The Captain's lean, tough face had some new lines on it; his eyes were darkly shadowed, and he looked as if he hadn't slept much the night before. But he took Alan's hand and squeezed it warmly—in a fatherly way, not a Captainly one. Then he glanced at the sleeping form behind Alan.
"I—went into the city, Dad. And found Steve."
Something that looked like pain came into Captain Donnell's eyes, but only for an instant. He smiled. "It's strange, seeing the two of you like this. So you brought back Steve, eh? We'll have to put him back on the roster. Why is he asleep? He looks like he's out cold."
"He is. It's a long story, Dad."
"You'll have to explain it to me later, then—after blastoff."
Alan shook his head. "No, Dad. Steve can explain it when he wakes up, tonight. Steve can tell you lots of things. I'm going back to the city."
It was easy to say, now—the decision that had been taking vague form for several hours, and which had crystallized as he trudged across the spacefield toward the Valhalla. "I brought you back Steve, Dad. You still have one son aboard ship. I want off. I'm resigning. I want to stay behind on Earth. By our charter you can't deny such a request."
Captain Donnell moistened his lips slowly. "Agreed, I can't deny. But why, Alan?"
"I think I can do more good Earthside. I want to look for Cavour's old notebooks; I think he developed the hyperdrive, and if I stay behind on Earth maybe I can find it. Or else I can build my own. So long, Dad. And tell Steve that I wish him luck—and that he'd better do the same for me." He glanced at Rat. "Rat, I'm deeding you to Steve. Maybe if he had had you instead of me, he never would have jumped ship in the first place."
He looked around, at his father, at Steve, at Rat. There was not much else he could say. And he knew that if he prolonged the farewell scene too long, he'd only be burdening his father and himself with the weight of sentimental memory.
"We won't be back from Procyon for almost twenty years, Alan. You'll be thirty-seven before we return to Earth again."
Alan grinned. "I have a hunch I'll be seeing you all before then, Dad. I hope. Give everyone my best. So long, Dad."
"So long, Alan."
He turned away and rapidly descended the ramp. Avoiding Kelleher and the cargo crew, for goodbyes would take too long, he trotted smoothly over the spacefield, feeling curiously lighthearted now. Part of the quest was over; Steve was back on board the Valhalla. But Alan knew the real work was just beginning. He would search for the hyperdrive; perhaps Hawkes would help him. Maybe he would succeed in his quest this time, too. He had some further plans, in that event, but it was not time to think of them now.
Hawkes was still standing at the edge of the field, and there was a thoughtful smile on his face as Alan came running up to him.
"I guess you won your bet," Alan said, when he had his breath back.
"I almost always do. You owe me a hundred credits—but I'll defer collection."
They made the trip back to York City in virtual silence. Either Hawkes was being too tactful to ask the reasons for Alan's decision or else—this seemed more likely, Alan decided—the gambler had already made some shrewd surmises, and was waiting for time to bear him out. Hawkes had known long before Alan himself realized it that he would not leave with the Valhalla.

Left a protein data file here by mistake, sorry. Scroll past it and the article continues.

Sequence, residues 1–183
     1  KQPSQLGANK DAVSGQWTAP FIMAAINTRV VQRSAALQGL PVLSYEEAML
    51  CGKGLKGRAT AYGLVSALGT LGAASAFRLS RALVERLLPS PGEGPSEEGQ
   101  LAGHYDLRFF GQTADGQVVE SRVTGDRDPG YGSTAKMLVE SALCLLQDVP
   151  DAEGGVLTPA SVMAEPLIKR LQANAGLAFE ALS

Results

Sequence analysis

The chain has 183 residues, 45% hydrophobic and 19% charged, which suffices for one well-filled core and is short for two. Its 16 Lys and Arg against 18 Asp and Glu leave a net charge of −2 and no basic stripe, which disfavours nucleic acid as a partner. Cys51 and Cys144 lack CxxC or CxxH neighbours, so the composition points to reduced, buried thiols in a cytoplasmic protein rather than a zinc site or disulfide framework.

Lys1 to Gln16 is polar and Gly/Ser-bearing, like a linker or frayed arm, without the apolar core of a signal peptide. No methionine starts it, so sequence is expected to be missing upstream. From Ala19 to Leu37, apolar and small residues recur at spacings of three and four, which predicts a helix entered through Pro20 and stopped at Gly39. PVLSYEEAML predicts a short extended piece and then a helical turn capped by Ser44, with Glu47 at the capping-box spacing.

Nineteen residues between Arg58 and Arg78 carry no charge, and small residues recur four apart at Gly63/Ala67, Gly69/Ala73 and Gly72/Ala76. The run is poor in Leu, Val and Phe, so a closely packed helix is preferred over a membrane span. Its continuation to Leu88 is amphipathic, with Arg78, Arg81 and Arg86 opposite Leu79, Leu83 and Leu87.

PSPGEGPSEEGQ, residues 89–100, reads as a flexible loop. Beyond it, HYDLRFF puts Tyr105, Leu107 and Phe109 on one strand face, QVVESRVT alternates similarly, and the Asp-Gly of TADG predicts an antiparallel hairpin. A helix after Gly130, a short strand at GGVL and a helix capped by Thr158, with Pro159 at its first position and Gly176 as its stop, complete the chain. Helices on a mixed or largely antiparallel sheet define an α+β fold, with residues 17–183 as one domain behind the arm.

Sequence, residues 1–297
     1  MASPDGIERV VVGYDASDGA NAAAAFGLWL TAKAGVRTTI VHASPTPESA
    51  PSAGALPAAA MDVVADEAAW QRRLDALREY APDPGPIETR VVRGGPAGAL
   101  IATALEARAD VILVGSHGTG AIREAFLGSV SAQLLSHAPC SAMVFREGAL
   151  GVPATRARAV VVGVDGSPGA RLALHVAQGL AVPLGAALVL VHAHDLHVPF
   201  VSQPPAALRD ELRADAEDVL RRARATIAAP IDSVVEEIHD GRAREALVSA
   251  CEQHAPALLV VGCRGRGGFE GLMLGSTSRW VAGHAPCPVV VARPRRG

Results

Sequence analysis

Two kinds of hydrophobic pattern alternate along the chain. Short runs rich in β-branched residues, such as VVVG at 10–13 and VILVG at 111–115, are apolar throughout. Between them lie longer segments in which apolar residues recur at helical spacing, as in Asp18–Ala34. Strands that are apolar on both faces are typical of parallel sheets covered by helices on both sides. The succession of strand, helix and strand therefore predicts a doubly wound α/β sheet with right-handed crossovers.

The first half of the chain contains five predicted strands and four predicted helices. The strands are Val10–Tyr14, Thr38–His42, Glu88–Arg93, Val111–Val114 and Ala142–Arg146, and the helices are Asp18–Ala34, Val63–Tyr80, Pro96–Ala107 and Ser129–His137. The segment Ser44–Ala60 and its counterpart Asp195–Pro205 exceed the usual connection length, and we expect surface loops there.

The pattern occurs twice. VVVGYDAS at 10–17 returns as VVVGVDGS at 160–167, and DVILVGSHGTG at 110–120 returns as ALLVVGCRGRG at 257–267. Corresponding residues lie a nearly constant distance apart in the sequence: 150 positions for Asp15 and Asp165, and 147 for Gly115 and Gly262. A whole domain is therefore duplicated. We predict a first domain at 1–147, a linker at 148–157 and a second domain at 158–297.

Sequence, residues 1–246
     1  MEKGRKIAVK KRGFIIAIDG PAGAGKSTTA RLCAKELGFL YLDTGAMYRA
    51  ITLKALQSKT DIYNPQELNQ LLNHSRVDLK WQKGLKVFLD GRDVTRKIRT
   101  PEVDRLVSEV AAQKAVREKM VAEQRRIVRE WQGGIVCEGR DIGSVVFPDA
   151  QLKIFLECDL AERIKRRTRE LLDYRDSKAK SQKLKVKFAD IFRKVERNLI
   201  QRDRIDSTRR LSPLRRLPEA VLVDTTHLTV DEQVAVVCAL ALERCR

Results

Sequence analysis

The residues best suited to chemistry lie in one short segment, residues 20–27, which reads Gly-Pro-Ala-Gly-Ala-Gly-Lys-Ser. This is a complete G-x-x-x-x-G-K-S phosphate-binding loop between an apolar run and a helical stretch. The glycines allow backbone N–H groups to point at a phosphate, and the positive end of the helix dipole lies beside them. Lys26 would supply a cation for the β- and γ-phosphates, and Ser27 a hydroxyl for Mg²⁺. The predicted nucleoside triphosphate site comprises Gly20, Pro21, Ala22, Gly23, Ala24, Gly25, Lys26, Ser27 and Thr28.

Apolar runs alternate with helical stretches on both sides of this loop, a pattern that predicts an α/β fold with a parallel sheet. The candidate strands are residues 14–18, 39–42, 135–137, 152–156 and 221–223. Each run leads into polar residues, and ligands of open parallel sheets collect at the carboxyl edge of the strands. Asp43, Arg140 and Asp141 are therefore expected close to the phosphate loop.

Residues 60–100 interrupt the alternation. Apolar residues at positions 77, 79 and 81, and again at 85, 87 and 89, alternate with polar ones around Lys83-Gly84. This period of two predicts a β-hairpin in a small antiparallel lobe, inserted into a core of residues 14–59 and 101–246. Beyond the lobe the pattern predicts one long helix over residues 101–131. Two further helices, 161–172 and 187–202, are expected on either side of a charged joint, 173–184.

The Cavour Hyperdrive, that was the rainbow's end Alan would chase now. He would accept Hawkes' offer, become the gambler's protege, learn a few thing about life. The experience would not hurt him. And always in the front of his mind he would keep the ultimate goal, of finding a spacedrive that would propel a ship faster than the speed of light.
At the apartment in Hasbrouck, Hawkes offered him a drink. "To celebrate our partnership," he explained.
Alan accepted the drink and tossed it down. It stung, momentarily; he saw sadly he was never going to make much of a drinking man. He drew something from his pocket, and Hawkes frowned.
"My Tally. Every spaceman has one. It's the only way we can keep track of our chronological ages when we're on board ship." He showed it to Hawkes; it read Year 17 Day 3. "Every twenty-four hours of subjective time that goes by, we click off another day. Every three hundred sixty-five days another year is ticked off. But I guess I won't be needing this any more."
He tossed it in the disposal unit. "I'm an Earther now. Every day that goes by is just one day; objective time and subjective time are equal."
Hawkes grinned cheerfully. "A little plastic doodad to tell you how old you are, eh? Well, that's all behind you now." He pointed to a button in the wall. "There's the operating control for your bed; I'll sleep in back, where I did last night. First thing tomorrow we'll get you a decent set of clothes, so you can walk down the street without having people yell 'Spacer!' at you. Then I want you to meet a few people—friends of mine. And then we start breaking you in at the Class C tables."
The first few days of life with Hawkes were exciting ones. The gambler bought Alan new clothing, modern stuff with self-sealing zippers and pressure buttons, made of filmy clinging materials that were incredibly more comfortable than the rough cloth of his Valhalla uniform. York City seemed less strange to him with each passing hour; he studied Undertube routes and Overshoot maps until he knew his way around the city fairly well.
Each night about 1800 they would eat, and then it was time to go to work. Hawkes' routine brought him to three different Class A gambling parlors, twice each week; on the seventh day he always rested. For the first week Alan followed Hawkes around, standing behind him and observing his technique. When the second week began, Alan was on his own, and he began to frequent Class C places near the A parlors Hawkes used.
But when he asked Hawkes whether he should take out a Free Status registration, the gambler replied with a quick, snappish, "Not yet."